Kyle Dunphey

(Utah News Dispatch) The federal government has unveiled its new plan to manage Bears Ears National Monument in a first-of-its-kind collaboration between five tribal nations and the Bureau of Land Management that seeks to “emphasize Traditional Indigenous Knowledge.”

It’s a big step forward for the controversial monument, which was designated by former President Barack Obama, reduced in size by former President Donald Trump, restored by current President Joe Biden, then challenged in court by the state of Utah in a lawsuit that could make it all the way to the U.S. Supreme Court.

The plan released last week covers everything from road closures and motorized use, to livestock grazing and resource management. It’s what BLM Utah director Greg Sheehan calls “the next step in the Bears Ears National Monument planning process.”

“I greatly appreciate the extensive knowledge provided by the commission and the state, and welcome substantive public input as the vital next step in considering the alternatives in the draft,” Sheehan said in a statement.

Bear Ears plan is a collaboration between Native tribes and the federal government

The plan is a product of collaboration between the Ute Indian Tribe, Ute Mountain Ute Tribe, Zuni Tribe, Hopi Tribe and the Navajo Nation — which make up the Bears Ears Commission — and the federal government.

According to the nearly 700-page draft management plan and environmental impact statement released last Friday, the BLM is eying alternative E, one of six possible management plans.

Alternative E emphasizes “Traditional Indigenous Knowledge and a holistic approach to stewardship of this sacred landscape that addresses tangible and intangible aspects” of Bears Ears, the plan states.

It would prohibit recreational shooting inside Bears Ears, while restricting livestock grazing in about 170,000 of the monument’s 1.36 million acres. About 570,000 acres of the monument would be closed to vehicles, while an additional 795,000 acres would be managed as “OHV limited areas” meaning motorized use is limited to certain times or designated routes.

The plan also describes an approach to vegetation management focused on indigenous practices that use “techniques and natural processes to restore ecosystems, return natural fire intervals, vegetation conditions and landscape characteristics.”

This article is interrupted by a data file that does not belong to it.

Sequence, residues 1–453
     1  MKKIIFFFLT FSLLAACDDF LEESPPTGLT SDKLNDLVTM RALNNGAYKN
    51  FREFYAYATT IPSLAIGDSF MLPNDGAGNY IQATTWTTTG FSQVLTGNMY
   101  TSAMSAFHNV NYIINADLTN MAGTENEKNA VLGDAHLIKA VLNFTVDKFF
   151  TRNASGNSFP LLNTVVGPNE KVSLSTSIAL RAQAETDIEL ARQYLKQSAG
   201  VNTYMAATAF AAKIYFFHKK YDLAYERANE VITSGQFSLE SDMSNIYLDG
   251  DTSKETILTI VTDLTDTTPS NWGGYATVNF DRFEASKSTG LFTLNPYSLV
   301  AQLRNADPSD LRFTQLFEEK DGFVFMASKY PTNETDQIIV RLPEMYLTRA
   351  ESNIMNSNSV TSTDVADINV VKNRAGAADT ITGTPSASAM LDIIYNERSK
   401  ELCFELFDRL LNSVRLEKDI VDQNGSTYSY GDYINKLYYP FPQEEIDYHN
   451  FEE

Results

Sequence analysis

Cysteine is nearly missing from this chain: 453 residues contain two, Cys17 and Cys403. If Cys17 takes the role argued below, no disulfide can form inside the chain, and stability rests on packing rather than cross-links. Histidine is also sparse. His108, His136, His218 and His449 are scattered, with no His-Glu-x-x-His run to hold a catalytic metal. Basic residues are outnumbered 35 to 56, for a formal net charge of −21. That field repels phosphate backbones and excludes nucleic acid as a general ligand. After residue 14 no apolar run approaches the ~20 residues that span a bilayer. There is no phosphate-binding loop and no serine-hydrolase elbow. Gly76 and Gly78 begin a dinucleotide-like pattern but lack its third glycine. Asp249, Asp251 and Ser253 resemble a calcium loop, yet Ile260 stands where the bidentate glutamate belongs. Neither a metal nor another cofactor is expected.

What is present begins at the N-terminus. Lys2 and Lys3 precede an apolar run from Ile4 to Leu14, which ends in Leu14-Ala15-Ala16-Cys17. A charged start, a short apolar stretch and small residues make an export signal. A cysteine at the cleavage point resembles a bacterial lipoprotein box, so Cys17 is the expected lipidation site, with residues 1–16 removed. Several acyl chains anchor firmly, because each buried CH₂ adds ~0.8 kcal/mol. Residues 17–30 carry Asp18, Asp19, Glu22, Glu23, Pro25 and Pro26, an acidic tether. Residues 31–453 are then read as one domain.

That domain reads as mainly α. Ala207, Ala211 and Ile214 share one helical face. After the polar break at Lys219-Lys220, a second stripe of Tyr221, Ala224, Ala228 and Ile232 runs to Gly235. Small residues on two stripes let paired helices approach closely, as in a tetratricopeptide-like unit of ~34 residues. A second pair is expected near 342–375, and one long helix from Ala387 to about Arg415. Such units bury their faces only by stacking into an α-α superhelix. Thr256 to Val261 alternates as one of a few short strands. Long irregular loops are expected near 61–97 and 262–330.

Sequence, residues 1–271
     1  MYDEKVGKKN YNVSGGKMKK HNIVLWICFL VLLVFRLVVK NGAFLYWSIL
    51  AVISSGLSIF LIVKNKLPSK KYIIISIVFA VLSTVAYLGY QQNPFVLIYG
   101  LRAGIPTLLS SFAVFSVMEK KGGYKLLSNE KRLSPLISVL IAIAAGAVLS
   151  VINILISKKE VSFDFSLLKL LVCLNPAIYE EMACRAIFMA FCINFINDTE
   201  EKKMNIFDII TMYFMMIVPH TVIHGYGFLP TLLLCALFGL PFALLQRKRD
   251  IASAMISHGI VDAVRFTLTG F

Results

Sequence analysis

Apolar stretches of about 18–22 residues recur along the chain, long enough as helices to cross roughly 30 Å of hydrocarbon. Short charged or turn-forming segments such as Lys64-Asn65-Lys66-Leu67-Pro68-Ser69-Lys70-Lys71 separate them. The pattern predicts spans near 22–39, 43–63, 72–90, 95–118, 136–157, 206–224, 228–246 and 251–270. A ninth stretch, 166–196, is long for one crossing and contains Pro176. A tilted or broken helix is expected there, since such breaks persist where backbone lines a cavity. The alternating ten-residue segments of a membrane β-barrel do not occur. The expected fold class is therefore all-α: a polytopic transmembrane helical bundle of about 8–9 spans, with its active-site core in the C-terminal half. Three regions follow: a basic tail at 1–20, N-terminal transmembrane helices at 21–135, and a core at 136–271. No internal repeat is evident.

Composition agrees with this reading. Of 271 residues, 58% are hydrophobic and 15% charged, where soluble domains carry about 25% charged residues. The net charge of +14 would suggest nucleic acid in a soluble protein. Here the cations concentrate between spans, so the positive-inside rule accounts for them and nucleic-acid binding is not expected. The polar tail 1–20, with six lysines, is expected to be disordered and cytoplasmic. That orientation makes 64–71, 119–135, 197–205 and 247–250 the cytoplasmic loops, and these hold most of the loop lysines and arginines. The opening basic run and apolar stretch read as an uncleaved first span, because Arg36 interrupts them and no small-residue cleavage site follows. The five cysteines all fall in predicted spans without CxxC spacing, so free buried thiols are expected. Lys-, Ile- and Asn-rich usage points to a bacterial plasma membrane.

“The draft resource management plan represents the culmination of our shared knowledge and insights, offered willingly to federal agencies for the betterment of the monument. Our ancestors have faithfully safeguarded this land for centuries, and as collaborative stewards, we pledge to uphold this sacred duty into the boundless future,” said Curtis Yanito, Navajo Nation Council member and Bears Ears commissioner, in a statement.

The BLM also announced a 90-day public comment period, clarifying in its draft plan that Alternative E is the agency’s preferred alternative, but the final record of decision is still pending. At the end of the comment period, the BLM could identify a different alternative, or a combination of alternatives.

The other options identified include a range from taking no action at all, to plans that promote building infrastructure and facilities and take a more laissez-faire approach to resource management.

“While the draft management plan offers five different alternatives, public feedback will help us to refine the final plan,” said Barbara Van Alstine, acting Manti-La Sal Forest supervisor. “It’s through these public comments we are able to find the best course forward.”

Utah sued over Bears Ears and Grand Staircase Escalante national monuments in 2022, arguing the Antiquities Act did not grant Biden the authority to issue such a large land designation. The case was dismissed in August by a U.S. District Judge but within days Utah filed an appeal with the 10th Circuit Court of Appeals. Utah Gov. Spencer Cox has previously said he expects the case to end up before the U.S. Supreme Court.